Methods

Plant material

Seeds of cowpea (Vigna unguiculata L. Walp), namely Ife brown and Ife bpc, were utilized in the experiment. The seeds were collected from International institute of Tropical Agriculture (IITA), Ibadan, Nigeria. They were authenticated at the Herbarium unit of the Federal University of Technology Akure, Nigeria.

Soil and pre-planting analysis

The soil was collected at the school farm of the Federal university of Technology Akure. The following physicochemical properties of the soil were determined: particle size and textural class, organic carbon, organic matter, pH, total nitrogen, available phosphorus, potassium, sodium, calcium, magnesium, effective cation exchange capacity and exchangeable acidity. The soil was later air-dried and transferred into 48 plastic pots of about 21 cm diameter and 17 cm depth. The pots were perforated to enhance drainage during the course of the experiment.

Screen house experiment

The experimental setup was located in the screen house. The essence is to monitor the plant growth and to avoid being destroyed by rodents, contaminations and direct rainfall.

Preparation of salt solution

Salts of sodium chloride (NaCl) and sodium sulfate (Na2SO4) were used for this study. The saline solution was prepared following standard methods of Meot-Duros and Magne (2008).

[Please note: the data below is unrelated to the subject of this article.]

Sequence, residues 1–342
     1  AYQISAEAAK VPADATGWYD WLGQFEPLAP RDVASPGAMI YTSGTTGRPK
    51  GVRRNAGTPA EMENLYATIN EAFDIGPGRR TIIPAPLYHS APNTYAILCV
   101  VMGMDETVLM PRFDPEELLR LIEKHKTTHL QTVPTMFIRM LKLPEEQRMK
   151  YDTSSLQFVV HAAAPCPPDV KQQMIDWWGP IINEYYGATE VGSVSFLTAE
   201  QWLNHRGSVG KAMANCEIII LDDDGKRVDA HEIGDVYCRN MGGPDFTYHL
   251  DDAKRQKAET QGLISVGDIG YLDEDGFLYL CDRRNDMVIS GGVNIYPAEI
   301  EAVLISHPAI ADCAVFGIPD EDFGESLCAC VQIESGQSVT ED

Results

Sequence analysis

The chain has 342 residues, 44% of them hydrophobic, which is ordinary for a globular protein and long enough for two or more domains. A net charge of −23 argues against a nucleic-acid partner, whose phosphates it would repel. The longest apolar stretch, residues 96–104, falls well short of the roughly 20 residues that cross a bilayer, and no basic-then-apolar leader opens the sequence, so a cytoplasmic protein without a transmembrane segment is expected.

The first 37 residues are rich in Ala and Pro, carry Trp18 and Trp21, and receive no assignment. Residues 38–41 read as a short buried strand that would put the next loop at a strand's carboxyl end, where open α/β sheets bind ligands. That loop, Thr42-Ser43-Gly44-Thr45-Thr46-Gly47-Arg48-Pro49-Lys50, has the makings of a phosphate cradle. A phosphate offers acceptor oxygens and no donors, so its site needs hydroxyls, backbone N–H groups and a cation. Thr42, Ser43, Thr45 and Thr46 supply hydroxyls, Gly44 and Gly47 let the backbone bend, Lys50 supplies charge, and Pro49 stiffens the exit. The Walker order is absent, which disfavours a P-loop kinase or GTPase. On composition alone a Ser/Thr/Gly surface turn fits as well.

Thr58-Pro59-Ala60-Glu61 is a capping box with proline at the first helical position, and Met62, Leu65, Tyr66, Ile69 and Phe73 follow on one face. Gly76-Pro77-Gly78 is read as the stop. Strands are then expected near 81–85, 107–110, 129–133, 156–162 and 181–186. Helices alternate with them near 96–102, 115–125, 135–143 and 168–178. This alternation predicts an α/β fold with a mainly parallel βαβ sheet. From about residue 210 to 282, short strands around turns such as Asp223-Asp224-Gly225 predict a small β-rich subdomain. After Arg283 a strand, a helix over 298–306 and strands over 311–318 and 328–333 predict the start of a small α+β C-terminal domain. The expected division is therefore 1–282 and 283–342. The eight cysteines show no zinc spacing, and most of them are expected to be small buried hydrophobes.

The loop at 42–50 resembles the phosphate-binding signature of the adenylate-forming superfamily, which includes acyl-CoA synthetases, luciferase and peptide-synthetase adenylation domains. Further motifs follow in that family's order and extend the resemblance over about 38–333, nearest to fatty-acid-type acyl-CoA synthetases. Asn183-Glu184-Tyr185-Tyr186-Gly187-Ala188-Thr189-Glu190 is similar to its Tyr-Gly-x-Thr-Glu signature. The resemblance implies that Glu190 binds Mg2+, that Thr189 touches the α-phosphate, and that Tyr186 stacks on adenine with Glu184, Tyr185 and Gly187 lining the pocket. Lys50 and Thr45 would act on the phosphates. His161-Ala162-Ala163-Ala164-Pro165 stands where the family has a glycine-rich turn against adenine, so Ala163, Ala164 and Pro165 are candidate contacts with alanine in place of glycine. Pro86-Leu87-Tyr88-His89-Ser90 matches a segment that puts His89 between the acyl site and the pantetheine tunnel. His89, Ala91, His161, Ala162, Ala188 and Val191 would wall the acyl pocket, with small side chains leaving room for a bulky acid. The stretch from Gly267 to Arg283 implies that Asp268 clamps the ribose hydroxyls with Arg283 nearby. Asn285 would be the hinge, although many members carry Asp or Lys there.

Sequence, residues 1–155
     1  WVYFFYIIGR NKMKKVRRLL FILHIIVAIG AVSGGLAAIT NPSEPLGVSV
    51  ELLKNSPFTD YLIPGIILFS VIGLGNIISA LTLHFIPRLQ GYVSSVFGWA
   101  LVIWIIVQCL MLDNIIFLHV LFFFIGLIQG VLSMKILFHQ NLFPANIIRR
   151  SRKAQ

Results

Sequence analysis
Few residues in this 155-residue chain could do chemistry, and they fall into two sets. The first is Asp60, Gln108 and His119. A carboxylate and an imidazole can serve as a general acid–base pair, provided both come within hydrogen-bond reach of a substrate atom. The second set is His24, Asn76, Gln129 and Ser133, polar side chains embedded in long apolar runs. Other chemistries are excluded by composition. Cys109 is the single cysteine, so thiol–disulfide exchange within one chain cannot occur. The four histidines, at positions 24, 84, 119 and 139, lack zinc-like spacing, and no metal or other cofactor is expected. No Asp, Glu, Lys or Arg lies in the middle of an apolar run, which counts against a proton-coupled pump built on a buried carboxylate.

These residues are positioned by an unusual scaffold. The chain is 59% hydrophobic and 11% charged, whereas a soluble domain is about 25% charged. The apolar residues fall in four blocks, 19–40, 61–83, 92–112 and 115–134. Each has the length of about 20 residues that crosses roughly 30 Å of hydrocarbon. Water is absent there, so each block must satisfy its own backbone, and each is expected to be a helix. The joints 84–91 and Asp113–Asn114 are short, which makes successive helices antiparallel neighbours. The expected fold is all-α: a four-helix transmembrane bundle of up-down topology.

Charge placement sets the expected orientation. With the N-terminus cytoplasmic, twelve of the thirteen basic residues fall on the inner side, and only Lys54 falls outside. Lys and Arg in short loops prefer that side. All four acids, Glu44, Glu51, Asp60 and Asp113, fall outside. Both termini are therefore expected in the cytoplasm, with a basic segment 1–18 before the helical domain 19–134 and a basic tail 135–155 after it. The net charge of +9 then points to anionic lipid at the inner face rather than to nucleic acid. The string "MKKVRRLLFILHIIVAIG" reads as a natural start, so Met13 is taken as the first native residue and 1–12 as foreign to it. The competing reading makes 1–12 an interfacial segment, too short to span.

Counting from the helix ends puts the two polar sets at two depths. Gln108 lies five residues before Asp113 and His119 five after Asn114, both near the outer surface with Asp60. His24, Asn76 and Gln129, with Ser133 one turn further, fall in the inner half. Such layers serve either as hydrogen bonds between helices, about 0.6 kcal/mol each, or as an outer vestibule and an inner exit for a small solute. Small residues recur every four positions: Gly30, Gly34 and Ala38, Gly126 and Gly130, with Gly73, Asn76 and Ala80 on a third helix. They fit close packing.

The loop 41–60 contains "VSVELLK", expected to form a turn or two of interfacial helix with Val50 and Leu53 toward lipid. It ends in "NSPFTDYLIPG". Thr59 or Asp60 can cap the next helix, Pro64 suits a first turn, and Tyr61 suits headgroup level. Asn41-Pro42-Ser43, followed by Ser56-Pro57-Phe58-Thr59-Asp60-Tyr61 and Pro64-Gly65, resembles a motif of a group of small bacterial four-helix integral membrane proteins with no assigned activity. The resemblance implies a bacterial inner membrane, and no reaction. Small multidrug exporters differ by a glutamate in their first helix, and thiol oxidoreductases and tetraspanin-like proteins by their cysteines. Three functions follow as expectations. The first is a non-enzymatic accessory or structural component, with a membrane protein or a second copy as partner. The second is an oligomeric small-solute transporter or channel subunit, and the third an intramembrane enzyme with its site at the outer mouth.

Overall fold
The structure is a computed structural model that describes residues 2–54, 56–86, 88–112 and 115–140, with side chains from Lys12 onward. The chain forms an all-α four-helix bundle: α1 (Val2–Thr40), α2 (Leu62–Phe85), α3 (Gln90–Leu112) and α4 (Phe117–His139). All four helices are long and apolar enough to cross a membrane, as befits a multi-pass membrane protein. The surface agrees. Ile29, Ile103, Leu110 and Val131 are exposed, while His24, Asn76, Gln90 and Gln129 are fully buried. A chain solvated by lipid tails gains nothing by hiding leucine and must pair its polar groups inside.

Experimental design

A 2 × 2 × 4 × 3 randomized complete block design (RCBD) was adopted. The experimental factors include salt type (NaCl and Na2SO4), variety (Ife brown and Ife bpc) and salt concentrations {control, 5dS/m, 10dS/m and 15dS/m and replicated three times.

Experimental setup

The experiment was conducted at the screen house of the Department of Biology, Federal University of Technology Akure. About 5 kg of air-dried soils was filled into perforated plastic pots. Five (5) seeds of cowpea varieties (Ife brown and Ife bpc) were sown in each pot and watered regularly until the plants were fully established.

Salinity treatment

Salinization commenced four (4) weeks after planting, and each pot was administered with 200 ml of saline solution every three days till the end of the experimental period.

Non-enzymatic antioxidants assay

Lipid peroxidation

Lipid peroxidation in fresh cowpea leaf samples was determined by estimating the malondialdehyde (MDA) following standard protocols of (Zeb and Ullah 2016). About 1 g of frozen leaf samples was ground to a fine powder with liquid nitrogen and extracted with ice-cold 50 mM phosphate buffer (pH 7.0). Centrifugation of the homogenate was done for ten minutes, and 0.5 ml of the supernatant was then mixed with 1. 5 ml, 0.5% thiobarbituric acid (TBA). Incubation of the supernatant was done in a water bath at 95 °C for 25 min. The concentration of MDA was determined from the absorbance at 532 nm (correction factor was applied by subtracting the absorbance at 600 nm for unspecific turbidity) by using extinction coefficient of 155 mM−1 cm−1.

Proline determination

0.5 g of leaf samples from each variety was homogenized in 3% (w/v) sulfosalicylic acid, and the homogenate filtered was then filtered using Whatman’s filter paper following standard methods of Bates et al. (1973). The mixture was heated at 100 °C for 1 h in water bath after acid ninhydrin and glacial acetic acid have been added. The reaction was then stopped by ice bath. The mixture was extracted with toluene, and the absorbance of fraction aspired from liquid phase was read at 520 nm. Proline concentration was determined using calibration curve and expressed as µmol proline g−1 FW.

Glutathione (GSH)